Hungarian Conservative

While NATO Ammunition Stocks are Depleting, Hungarian Army Strengthens

Artillery shells at the foundation stone laying ceremony of the Várpalota ammunition factory on 15 December 2022.
Boglárka Bodnár/MTI
Ukraine’s hunger for ammunition is almost impossible to meet, while NATO is running low on stocks. Hungary, meanwhile, is strengthening its own military.

In the early days of March, POLITICO reported on an EU blueprint that envisages the sending of yet another considerable supply of ammunition to Ukraine. Of a broader EU military aid package, €1 billion would be dedicated specifically to providing Ukraine with ammunition, mostly artillery shells. The EU is also considering ramping up ammunition production domestically to meet the increasing appetite for bullets on the war-torn continent.

The proposal would have member states provide Kyiv with ammunition by incentivising them ‘a favourable reimbursement rate, for instance up to 90%, given the extreme urgency and the depletion of Member States’ stocks.’ The money that pays for the weapons and ammunition donations comes from the European Peace Facility, ‘an off-budget instrument aimed at enhancing the Union’s ability to prevent conflicts, build peace and strengthen international security, by enabling the financing of operational actions under the Common Foreign and Security Policy (CFS).’ Last year, when the reimbursement rate on weapon offers to Ukraine fell below 50 per cent, some of the European countries were no longer motivated to continue supplying arms to Kyiv. Else then supply Ukraine from their own available stocks, 25 EU member states plus Norway also grouped together and are now considering purchasing ammunition jointly.

Racing to Meet Ukrainian Weapons and Ammunition Needs

The EU proposal highlighted the need for quick action as although European ammunition manufacturers are now working at full capacity, due to the high demand for bullets, prices are still rapidly increasing. The EU blueprint also allows for countries that wish not to participate in sending weapons to Ukraine to opt out of supplying ammunition and supporting the effort with monetary means. Hungary that has made it clear that it is not going to supply weapons to Ukraine is most likely to opt out of this scheme as well.

A couple of weeks before the EU’s proposal came out, Polish President Andrzej Duda and Joe Biden also discussed ways in which the US and Poland could supply more ammunition to Ukraine. The military industrial complex is intensifying its production in the US, too, as currently Ukraine burns up more bullets than what the US and NATO are able to produce. The Scranton Army Ammunition Plant, for instance, that produces 11,000 artillery shells a month, now needs to expand its production as Ukraine uses up that amount within just a couple of days. According to CNN, the US Army is planning a 500 per cent increase in its artillery production, increasing output from 15,000 rounds a month to 70,000.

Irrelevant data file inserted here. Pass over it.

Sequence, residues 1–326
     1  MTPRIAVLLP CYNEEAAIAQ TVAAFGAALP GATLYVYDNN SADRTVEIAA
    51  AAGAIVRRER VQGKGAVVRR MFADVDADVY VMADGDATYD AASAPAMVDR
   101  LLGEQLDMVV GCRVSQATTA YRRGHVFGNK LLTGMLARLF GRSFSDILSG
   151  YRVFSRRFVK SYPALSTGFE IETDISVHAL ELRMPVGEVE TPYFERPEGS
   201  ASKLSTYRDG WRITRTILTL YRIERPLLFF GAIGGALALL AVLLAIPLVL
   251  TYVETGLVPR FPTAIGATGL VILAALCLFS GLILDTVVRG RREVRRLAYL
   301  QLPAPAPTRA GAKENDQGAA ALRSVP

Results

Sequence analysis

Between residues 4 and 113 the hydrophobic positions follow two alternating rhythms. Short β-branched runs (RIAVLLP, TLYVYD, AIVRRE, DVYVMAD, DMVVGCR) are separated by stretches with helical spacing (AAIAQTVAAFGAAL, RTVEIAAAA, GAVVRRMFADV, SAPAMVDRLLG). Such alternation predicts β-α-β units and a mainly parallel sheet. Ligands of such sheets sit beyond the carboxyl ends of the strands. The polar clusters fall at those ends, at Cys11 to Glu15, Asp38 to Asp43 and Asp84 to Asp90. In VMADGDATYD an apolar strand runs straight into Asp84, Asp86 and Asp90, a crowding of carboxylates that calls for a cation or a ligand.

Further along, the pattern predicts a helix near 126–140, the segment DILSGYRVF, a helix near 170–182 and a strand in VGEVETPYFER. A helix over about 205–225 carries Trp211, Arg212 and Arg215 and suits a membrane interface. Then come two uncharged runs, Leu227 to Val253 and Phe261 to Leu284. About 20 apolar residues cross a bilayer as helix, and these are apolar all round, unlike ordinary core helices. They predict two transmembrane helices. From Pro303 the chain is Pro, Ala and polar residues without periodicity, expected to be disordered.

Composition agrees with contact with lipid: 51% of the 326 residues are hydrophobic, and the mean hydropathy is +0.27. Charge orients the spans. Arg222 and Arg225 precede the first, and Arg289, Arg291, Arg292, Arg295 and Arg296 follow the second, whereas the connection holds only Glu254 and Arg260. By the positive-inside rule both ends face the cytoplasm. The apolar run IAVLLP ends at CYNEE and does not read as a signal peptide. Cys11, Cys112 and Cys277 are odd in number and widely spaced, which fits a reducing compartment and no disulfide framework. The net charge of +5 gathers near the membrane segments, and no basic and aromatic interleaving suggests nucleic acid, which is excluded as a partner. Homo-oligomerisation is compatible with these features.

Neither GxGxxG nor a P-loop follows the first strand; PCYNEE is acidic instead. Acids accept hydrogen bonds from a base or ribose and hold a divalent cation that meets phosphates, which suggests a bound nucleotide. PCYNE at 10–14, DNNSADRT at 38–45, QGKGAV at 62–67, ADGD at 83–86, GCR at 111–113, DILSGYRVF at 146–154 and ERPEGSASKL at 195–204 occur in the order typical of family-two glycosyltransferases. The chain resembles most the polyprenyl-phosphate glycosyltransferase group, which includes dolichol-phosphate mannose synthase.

While both the US and the EU are struggling to meet Ukraine’s need for ammunition, the question of depletion of NATO stocks is a worrying one. Already in late 2022, US military experts warned that NATO is running dangerously low on ammunitions stocks. Currently, Europe’s monthly artillery production is around 20,000 – 25,000 shells, which roughly equals the amount both sides use up in a couple of days in the Russo-Ukrainian war. While NATO requirements are that nations have one month worth of ammunition reserves, Germany is believed to have only around two days’ worth of ammunition in stock.

Given the current rate of production, for the US it would take two to three years to go back to the level of stockpiles of ammunition it used to have before the war. Stocks are depleting at such rates that NATO Secretary-General Jens Stoltenberg warned that waiting time on orders placed for some large-calibre munitions increased so much that some orders placed today will only be delivered in two years’ time.

Hungary Continues to Strengthen Its Military

While the military of some NATO member states have been weakening, the Hungarian military has been strengthening over the past years. While in 2017 the Hungarian army was ranked only 63rd on the Global Firepower’s annual military Power Index, by 2023, the Hungarian defence forces moved up to the 54th place. In other words, Hungary has the 20th strongest army in Europe, and the third strongest in the region after Romania and the Czech Republic. As part of the modernisation of the Hungarian military, which has resulted in the improved ranking, Hungary purchased new, state-of-the-art equipment and increased its national manufacturing capacities. The expansion of manufacturing also includes ammunition production. The ammunition factory in Várpalota is expected to start producing 30 mm calibres by 2024, and 120 and 155 mm calibres by 2025.

Ukraine’s hunger for ammunition is almost impossible to meet, while NATO is running low on stocks. Hungary, meanwhile, is strengthening its own military.